Sacred Well (destroyed): OS Grid Reference – SE 0973 4091
Archaeology & History
Once found in a cluster of three little wells all very close to each other near the top of the field where the Crossflatts roundabout joins up with the Aire-Valley trunk road, this is an intriguing site if you happen to be a pagan, or have an interest in druidism — and for one main reason: its name. When I first came across a reference to the place about 25 years ago, the only piece of information I could find about it came from the arduous detailed researches of the Victorian industrial historian J. Horsfall Turner who, unfortunately, neglected to record much of the fading folklore in the region at his time. Marked on the 1852 6-inch Ordnance Survey map, ‘Lund’ was a bit of an etymological curiosity, and Mr Turner (1897) thought the well’s name was little other than that of a local mill owner, whose nickname was ‘Lund’ Thompson. He was guessing of course…and I thought little more about it…
Years later when looking through A.H. Smith’s (1961-63) magnum opus on the place-names of West Yorkshire, I found that he didn’t include the Lund Well in his survey. However, an eventual perusal of Kenneth Cameron’s (1996) work told that in Old Norse place-names (and there is a preponderance of such places scattering Yorkshire and Lancashire), lund or lundr was a “‘small wood, grove,’ also had a meaning, ‘sacred grove’.” The word is echoed in old French, launde, meaning ‘forest glade’. In A.H. Smith’s (1954) earlier etymological magnum opus he said that the word derives from a “small wood, grove, also a sacred grove, one offering sanctuary.” However, Margaret Gelling (2000) urged caution on the origin of lund as a sacred grove and erred more to the usual English tendency of depersonalizing everything, taking any animistic attribution away from its root meaning; but we must urge caution upon her caution here! Neither Joseph Wright (English Dialect Dictionary vol.3 1905) nor William Grant (Scottish National Dictionaryvol.6, 1963) have entries for this word, so we must assume the Scandinavian root word origin to be correct.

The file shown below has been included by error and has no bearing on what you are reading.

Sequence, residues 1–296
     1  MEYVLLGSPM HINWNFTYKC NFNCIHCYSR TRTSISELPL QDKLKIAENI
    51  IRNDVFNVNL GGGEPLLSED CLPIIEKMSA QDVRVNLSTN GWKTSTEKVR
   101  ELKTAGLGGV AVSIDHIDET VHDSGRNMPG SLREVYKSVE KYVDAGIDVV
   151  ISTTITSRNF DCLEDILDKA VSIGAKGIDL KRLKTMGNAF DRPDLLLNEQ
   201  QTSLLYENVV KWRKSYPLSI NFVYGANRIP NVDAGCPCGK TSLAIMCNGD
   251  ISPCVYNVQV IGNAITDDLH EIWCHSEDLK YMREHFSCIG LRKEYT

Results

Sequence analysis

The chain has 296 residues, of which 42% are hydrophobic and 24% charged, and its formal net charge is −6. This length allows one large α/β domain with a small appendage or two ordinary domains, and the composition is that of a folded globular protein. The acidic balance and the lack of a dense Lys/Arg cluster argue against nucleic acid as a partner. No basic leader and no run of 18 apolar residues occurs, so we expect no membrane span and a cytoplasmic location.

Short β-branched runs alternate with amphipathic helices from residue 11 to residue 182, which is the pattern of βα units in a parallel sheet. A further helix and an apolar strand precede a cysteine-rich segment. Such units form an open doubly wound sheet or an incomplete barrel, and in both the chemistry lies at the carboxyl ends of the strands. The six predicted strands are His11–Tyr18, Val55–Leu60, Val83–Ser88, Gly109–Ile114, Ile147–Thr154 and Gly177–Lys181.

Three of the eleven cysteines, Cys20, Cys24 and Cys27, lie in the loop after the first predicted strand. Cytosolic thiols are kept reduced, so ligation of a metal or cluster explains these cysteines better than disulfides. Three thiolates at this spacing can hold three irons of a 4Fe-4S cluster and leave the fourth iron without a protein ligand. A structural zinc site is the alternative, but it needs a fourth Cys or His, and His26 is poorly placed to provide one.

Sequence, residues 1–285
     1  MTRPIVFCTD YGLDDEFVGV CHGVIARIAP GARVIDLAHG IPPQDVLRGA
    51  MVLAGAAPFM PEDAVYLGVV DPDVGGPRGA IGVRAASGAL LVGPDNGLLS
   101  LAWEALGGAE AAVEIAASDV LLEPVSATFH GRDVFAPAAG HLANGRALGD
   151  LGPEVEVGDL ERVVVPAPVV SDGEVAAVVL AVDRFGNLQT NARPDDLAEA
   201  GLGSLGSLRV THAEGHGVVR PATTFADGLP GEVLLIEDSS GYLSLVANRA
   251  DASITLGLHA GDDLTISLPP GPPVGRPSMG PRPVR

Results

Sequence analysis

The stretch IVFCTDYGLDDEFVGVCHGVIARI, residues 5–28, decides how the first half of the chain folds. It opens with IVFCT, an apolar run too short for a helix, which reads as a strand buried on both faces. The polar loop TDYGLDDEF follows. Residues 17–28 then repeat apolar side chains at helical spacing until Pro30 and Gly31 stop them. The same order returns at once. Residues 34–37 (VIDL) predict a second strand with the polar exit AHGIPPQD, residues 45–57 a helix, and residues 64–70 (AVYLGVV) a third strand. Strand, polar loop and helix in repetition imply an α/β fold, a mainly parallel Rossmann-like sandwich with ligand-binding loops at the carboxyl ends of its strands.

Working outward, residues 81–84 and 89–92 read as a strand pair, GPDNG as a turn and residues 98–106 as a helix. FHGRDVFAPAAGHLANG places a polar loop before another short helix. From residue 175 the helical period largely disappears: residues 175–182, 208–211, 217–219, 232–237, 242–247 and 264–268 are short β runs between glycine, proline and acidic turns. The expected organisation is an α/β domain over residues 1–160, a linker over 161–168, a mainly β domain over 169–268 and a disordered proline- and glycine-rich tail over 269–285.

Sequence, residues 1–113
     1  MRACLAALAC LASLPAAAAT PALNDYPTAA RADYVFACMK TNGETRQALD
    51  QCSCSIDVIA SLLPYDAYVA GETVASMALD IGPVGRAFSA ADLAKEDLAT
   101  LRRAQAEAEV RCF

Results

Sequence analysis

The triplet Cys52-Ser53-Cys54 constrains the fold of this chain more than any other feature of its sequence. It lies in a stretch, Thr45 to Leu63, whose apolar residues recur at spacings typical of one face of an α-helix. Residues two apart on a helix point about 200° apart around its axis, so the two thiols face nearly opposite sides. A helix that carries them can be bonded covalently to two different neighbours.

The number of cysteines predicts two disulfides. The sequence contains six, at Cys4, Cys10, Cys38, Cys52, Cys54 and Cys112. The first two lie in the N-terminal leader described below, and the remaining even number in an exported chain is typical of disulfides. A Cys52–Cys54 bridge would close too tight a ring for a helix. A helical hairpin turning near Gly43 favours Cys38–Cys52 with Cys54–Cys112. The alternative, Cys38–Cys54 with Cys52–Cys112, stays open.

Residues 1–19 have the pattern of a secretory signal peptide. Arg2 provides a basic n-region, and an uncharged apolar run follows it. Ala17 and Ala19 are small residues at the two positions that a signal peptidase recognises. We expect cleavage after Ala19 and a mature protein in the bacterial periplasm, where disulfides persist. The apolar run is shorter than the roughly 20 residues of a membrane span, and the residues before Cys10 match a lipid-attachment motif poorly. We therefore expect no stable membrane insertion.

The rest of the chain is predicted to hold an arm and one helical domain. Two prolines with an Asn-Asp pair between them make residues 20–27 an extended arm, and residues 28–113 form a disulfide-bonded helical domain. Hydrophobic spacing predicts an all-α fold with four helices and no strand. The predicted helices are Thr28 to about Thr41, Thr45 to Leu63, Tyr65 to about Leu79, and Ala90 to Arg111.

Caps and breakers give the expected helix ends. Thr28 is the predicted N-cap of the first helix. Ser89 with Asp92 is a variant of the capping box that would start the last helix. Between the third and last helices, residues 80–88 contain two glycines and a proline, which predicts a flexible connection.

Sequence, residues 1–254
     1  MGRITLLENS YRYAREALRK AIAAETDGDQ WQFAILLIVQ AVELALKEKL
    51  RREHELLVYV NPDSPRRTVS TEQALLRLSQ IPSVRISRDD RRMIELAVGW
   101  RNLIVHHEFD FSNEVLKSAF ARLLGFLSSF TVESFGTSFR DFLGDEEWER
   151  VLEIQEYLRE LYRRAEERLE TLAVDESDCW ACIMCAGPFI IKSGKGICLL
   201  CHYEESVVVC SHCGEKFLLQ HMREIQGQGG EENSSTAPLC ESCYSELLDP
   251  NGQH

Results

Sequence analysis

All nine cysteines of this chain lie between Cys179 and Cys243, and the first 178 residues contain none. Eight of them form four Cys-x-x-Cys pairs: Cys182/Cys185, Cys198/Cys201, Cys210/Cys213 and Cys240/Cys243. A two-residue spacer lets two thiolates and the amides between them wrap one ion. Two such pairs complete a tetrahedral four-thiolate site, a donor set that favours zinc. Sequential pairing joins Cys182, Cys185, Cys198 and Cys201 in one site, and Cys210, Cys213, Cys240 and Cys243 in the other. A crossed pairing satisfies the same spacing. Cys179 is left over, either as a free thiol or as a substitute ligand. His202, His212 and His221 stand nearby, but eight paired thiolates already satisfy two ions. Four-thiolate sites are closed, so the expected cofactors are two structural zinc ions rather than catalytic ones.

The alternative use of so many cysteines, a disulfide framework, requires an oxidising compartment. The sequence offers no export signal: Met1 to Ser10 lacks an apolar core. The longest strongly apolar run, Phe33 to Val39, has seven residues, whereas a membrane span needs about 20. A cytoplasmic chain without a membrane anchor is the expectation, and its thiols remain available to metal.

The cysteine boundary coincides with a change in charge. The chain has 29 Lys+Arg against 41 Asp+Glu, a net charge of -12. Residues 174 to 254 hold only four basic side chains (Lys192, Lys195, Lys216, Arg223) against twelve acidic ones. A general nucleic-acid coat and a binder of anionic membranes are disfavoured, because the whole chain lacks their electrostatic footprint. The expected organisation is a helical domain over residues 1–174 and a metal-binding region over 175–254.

One vitally important ingredient with the Lund Well is its geographical position. For across the adjacent River Aire the land climbs uphill—and a few hundred yards above we reach the well-known and legendary Druid’s Altar, with its Druid’s Well just below. This association is what suggests our Lund Well may have had a real association with a “sacred grove of trees”, as—despite us knowing very little about them—we do at least know that druids performed rites in sacred groves. In Greenbank’s (1929) historical analysis of the Druid’s Altar, he was left perplexed as to the origin of its name as all early accounts and popular culture assigned it this title, and so he opted for the probability that the druids did indeed once perform rites here. If this was true, then our seemingly innocuous Lund Well once had a much more sacred history than anyone might have thought. Sadly, those self-righteous industrialists destroyed it….
- Cameron, Kenneth, English Place-Names, Batsford: London 1996.
- Gelling, Margaret, Place-Names in the Landscape, Phoenix: London 2000.
- Greenbank, Sydney, The Druid’s Altar, Bingley, R.G. Preston: Bingley 1929.
- Smith, A.H., English Place-Name Elements – volume 2, Cambridge University Press 1954.
- Smith, A.H., The Place-Names of the West Riding of Yorkshire – 8 volumes, Cambridge University Press 1961-63.
- Wainwright, F.T., Scandinavian England, Phillimore: Chichester 1975.
© Paul Bennett, The Northern Antiquarian